“We’re just doing things that help us. We live on this planet, and we’re trying to find better ways to do things,” he says. “We need to take care of what we’ve got. It’s all we’ve got.”
Because the Tennessee Golf Trail courses are owned by the state and run by its Department of Environment and Conservation (TDEC), the golf course personnel feel an added responsibility to be eco-friendly. “We learn things about being environmentally friendly while we’re doing our jobs. We owe it to TDEC,” says Nixon.
Kuhns agrees. “It’s everybody’s land,” he adds.
With a shared appreciation for the property, golf course personnel at Montgomery Bell work together to enhance playing conditions.
“It has all been a team effort to make improvements,” says Hartsfield.
Kuhns says he and Hartsfield speak daily. They work together closely, he says, on course setup for tournaments such as the Dogwood Classic, which is normally the opening event in the Tennessee tournament season, and other sub-regional and district tournaments at Montgomery Bell. However, Kuhns says he might talk to Nixon twice a week, or go two or three weeks without communicating with him.
Nixon plays Montgomery Bell, which is the closest trail course to his office, a few times each year. He also visits the property to walk the golf course with Kuhns, and they make suggestions and bounce ideas off of each other.
“We’re always thinking about what’s best for the average golfer,” says Nixon. “That’s our player.”
Nixon says Kuhns is a good golfer, and he often defers to his judgment. “You can be a good agronomist,” he explains, “but if you can’t play, you can struggle with the appearance of the golf course from each tee.” In addition, he says, “Jeff has a green thumb. He has the touch to grow grass. I trust him a lot.”
Hartsfield, he notes, is also a former greens superintendent who knows how to run equipment.
Even the park rangers get involved, notes Kuhns, by conducting monthly nature tours on the Montgomery Bell golf course to point out its wildlife and native habitat to visitors.
The communication and teamwork reach beyond Montgomery Bell, however, as the personnel at all nine Tennessee Golf Trail courses collaborate to share equipment and ideas. Nixon appointed Paul Carter, CGCS, of The Bear Trace at Harrison Bay in Harrison, Tenn., and the 2011 TurfNet Superintendent of the Year, as the Director of Agronomy for the Trail golf courses.
Nixon and Carter devised a new plan to aerify the Bermuda greens only once a year, instead of twice annually, at six of the golf courses, including Montgomery Bell. Because the properties aerify at different times, they share aerification equipment. Each golf course sets its own aerification schedule, which is posted online to keep golfers in the loop about maintenance practices that could affect their rounds.
In December, Nixon also holds his annual meeting with the golf managers and superintendents at all nine Tennessee Golf Trail courses.
“Golf course superintendents and managers need to communicate a lot more than most people think,” says Nixon.
“We all stay in contact. We discuss weather issues and share equipment such as aerifiers and mowers as needed,” says Kuhns. “We see how other golf course superintendents and pros operate. We get ideas from each other about the quality and quantity of play. We all deal with some of the same problems, like cart traffic and typical tournament issues.”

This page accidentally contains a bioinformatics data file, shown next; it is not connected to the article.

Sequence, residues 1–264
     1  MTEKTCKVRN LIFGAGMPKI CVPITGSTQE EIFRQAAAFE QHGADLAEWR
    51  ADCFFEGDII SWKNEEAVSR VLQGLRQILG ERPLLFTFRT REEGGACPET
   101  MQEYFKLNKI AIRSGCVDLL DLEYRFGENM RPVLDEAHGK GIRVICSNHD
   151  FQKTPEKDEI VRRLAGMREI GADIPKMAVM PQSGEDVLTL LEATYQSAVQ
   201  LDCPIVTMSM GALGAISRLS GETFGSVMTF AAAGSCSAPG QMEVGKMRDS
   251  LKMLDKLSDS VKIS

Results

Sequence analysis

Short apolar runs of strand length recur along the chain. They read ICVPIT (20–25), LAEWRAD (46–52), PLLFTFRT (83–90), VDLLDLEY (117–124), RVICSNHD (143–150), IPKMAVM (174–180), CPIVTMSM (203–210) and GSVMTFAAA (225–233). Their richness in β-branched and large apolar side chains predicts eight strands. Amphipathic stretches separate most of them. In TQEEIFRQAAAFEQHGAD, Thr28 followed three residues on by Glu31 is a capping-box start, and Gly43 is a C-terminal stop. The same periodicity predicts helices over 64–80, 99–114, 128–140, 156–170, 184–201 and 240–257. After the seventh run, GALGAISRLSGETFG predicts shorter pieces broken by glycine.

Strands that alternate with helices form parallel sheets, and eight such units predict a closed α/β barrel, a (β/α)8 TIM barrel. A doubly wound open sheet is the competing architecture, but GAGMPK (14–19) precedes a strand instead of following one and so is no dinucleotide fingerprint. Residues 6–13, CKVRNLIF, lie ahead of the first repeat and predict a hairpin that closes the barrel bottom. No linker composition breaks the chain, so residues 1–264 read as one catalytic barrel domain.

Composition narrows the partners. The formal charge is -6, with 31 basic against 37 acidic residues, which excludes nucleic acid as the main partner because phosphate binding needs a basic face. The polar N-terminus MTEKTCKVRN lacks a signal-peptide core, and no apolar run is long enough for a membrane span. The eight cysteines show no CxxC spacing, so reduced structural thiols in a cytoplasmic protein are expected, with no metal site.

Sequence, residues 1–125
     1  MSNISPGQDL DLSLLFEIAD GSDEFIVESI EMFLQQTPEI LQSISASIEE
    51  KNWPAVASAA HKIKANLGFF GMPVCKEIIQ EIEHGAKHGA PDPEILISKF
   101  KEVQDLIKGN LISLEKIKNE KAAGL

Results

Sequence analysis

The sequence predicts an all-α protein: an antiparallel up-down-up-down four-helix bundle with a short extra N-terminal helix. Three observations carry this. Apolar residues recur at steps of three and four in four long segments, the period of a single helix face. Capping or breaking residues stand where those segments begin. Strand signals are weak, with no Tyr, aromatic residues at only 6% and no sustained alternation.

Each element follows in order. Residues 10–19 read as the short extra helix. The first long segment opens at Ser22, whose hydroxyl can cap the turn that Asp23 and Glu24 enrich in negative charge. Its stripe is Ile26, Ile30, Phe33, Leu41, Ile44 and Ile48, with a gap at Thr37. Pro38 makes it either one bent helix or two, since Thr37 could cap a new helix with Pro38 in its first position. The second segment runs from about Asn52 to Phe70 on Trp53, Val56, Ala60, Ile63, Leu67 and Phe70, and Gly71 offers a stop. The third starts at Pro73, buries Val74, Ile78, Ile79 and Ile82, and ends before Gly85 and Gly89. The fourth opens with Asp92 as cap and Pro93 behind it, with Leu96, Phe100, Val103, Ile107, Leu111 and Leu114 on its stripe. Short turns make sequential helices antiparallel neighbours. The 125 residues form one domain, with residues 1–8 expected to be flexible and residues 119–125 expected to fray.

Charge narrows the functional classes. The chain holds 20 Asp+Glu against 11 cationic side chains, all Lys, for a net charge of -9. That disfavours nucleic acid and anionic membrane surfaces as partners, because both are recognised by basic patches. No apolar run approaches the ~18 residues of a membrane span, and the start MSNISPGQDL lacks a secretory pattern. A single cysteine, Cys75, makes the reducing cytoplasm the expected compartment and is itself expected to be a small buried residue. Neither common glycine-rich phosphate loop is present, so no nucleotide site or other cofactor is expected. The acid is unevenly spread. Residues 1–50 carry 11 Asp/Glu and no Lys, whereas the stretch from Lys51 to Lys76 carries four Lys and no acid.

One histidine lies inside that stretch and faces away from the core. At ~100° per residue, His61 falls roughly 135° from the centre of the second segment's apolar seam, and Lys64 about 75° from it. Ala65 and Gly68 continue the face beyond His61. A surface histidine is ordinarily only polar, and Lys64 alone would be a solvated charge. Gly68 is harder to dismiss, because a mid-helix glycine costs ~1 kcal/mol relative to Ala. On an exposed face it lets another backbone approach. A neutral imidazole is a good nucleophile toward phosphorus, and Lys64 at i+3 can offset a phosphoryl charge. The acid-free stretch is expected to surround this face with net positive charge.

However, each individual enhances golf course operations with his own experience as well.
Nixon draws on his days as a former PGA Tour player to guide him in his current position. “I’ve seen so many different golf courses in my life. I know people in the business and how they operate,” he says. “As a player you see a lot of courses. You see things you like and things you’re not as fond of. You find out what appeals to you personally in golf courses and their layouts and how they’re maintained.”
Kuhns, who has been working on golf courses since he was 15 years old and became an assistant superintendent at age 20, played two years of college golf – one at Faulkner University and one at Alabama State University. He also caddied at PGA Tour Q-School in 2003 and for Sue Cohn at the 2015 U.S. Senior Women’s Amateur. He believes his background as a competitive golfer and as a caddie helps him create a better customer experience.
“We want everybody to play golf. We have a lot of people from local, high-end clubs play here,” he says. “This is a revenue-based business, and we try to accommodate every type of golfer.”
Years at Montgomery Bell GC: 11
Years in the Golf Course
Previous Employment: Assistant Superintendent, The Bear Trace at Chicasaw, Henderson, Tenn.
Certifications: GCSAA Class A Superintendent
Honors and Awards: Member of Tennessee Turfgrass Association Board of Directors.
COURSE & GROUNDS PROFILE
Montgomery Bell Golf Course
Staff: 10 fulltime and part-time employees
Other Staff Members: Marcus Kelly, mechanic; Agronomy staff members: Joe Pernell, Mike Carter, George Harvell, Brad Story, Mike Massey, Jerry Durdin
Irrigation System: Mostly Rain Bird; about 400 heads
Water Source and Usage: Lake Creech Hollow; low water usage, primarily on greens
Equipment: Owns equipment, which
includes Jacobsen electric greens mowers, Toro fairway mowers
Technology: LED lights in buildings; electric mowers
Aerating and Overseeding Schedules:
Aerifies once a year in June; no overseeding
Duties and Responsibilities: Oversee all maintenance and agronomy operations on the golf course, including upkeep of greens, fairways, tees, bunkers, rough, native areas, irrigation, and range, including range ball pickup